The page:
French elections – the euro awakens
No surprise, but a new normal
The first round of the French elections can be read in two ways. First, there was no surprise. Indeed, the two winners have led the polls since January. A closer look at the details, however, shows something more profound.
For the first time in 40 years, neither of the traditional parties have made it through to the second round. It remains to be seen whether this represents a new normal for France. Indeed, with anti-establishment votes for the far left or right on a par with the more established parties, we have an unprecedented situation which is likely to weigh on the forthcoming legislative elections and on the political stability of France.
Risk aversion should decrease
For the financial markets, the adverse scenario of a Mélenchon/Le Pen second round did not materialise, shrinking the “tail risk” of a dislocation of the euro. We anticipate a significant reduction in implied volatility in the short term, as well as a depreciation of the yen, and have already started to see this happening in the markets.
This decline in risk aversion should also be reflected in a rebound in risky assets such as high-yield credit and equities and emerging currencies.
Fundamentals are back
If 2016 was all about political risks, it is starting to look as though that trend has peaked. The elections in the Netherlands and the first round of the French election have not produced the shock result that was feared. The risk of an exit of a founder country has been reduced, and we expect investors to focus again on macroeconomic fundamentals.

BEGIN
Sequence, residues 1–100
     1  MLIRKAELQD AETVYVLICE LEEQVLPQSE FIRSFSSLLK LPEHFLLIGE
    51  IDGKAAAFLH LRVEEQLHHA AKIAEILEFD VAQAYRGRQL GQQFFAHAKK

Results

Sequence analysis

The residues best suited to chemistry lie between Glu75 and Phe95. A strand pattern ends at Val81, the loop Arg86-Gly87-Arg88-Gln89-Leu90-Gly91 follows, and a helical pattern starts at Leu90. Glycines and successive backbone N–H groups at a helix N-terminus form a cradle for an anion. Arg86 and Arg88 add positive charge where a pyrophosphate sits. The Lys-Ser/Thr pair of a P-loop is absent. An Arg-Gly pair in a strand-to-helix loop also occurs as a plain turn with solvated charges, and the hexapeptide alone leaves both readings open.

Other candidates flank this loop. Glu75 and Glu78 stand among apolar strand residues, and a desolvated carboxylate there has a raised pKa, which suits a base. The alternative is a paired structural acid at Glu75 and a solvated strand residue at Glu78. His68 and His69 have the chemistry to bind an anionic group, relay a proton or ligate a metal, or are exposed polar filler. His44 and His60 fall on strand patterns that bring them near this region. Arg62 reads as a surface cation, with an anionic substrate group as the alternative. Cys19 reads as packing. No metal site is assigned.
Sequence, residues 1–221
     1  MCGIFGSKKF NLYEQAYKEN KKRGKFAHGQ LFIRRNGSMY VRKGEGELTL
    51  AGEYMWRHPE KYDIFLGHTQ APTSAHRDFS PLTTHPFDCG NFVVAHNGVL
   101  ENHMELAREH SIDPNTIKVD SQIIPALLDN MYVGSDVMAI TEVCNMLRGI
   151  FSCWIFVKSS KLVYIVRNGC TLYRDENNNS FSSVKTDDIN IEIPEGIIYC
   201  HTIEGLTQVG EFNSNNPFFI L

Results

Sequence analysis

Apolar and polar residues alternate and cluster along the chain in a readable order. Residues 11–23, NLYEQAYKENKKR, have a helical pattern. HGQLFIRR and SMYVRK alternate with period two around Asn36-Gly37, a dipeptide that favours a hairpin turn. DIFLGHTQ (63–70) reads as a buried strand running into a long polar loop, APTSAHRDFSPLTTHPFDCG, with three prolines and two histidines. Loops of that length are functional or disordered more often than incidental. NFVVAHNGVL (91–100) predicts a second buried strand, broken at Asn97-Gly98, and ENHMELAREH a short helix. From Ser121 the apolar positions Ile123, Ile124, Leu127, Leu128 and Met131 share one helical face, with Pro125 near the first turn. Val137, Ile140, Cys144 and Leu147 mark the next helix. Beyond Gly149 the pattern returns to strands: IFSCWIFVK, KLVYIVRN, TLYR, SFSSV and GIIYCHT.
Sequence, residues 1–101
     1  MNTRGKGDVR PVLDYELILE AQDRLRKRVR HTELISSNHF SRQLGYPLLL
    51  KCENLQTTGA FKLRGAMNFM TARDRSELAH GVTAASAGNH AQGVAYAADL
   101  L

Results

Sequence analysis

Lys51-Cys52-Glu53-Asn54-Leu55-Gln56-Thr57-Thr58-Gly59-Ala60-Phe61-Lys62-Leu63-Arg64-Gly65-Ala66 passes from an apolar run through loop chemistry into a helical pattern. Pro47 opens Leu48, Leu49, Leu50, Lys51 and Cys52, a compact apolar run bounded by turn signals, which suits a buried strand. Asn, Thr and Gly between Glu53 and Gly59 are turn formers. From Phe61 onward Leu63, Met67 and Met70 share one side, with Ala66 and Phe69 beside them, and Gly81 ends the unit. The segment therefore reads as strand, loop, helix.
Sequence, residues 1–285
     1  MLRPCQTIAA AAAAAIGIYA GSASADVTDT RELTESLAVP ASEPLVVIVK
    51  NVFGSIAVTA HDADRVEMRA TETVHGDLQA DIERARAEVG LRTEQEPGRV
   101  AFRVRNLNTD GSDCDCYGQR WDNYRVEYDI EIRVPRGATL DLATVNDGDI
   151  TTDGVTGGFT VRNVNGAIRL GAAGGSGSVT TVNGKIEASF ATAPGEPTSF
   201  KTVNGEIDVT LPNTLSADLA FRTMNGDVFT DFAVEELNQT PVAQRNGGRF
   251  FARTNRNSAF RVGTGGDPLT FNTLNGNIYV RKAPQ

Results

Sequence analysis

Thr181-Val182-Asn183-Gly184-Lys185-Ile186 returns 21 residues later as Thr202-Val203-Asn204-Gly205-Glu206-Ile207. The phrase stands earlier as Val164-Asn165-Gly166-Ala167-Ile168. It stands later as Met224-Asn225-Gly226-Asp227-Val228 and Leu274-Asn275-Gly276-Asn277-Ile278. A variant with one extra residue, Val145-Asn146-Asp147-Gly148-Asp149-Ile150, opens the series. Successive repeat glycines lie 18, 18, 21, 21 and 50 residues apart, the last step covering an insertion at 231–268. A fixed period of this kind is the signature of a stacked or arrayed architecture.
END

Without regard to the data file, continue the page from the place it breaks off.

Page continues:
Already, the tightening of the yield spread between French and German government bonds from 71bp to 49bp reflects the perception that risk has fallen. This is good news for Europe. This is in addition to a favorable economic outlook. As our European nowcaster points out, cyclical improvement is clear and sustained in Europe.
This positive situation is likely to be taken into account by the ECB, which is expected to raise its growth projections in June and prepare markets for a reduction in unconventional monetary policy.
Against this relatively benign environment, we have reduced the protection put in place during the first round of the French election. Our dynamic allocation is anchored in an overweight in risky assets, in particular emerging European and Japanese equities, and a significant exposure to the euro in expectation of a change in the ECB’s discourse and a narrowing of the growth and inflation differentials between the two zones.
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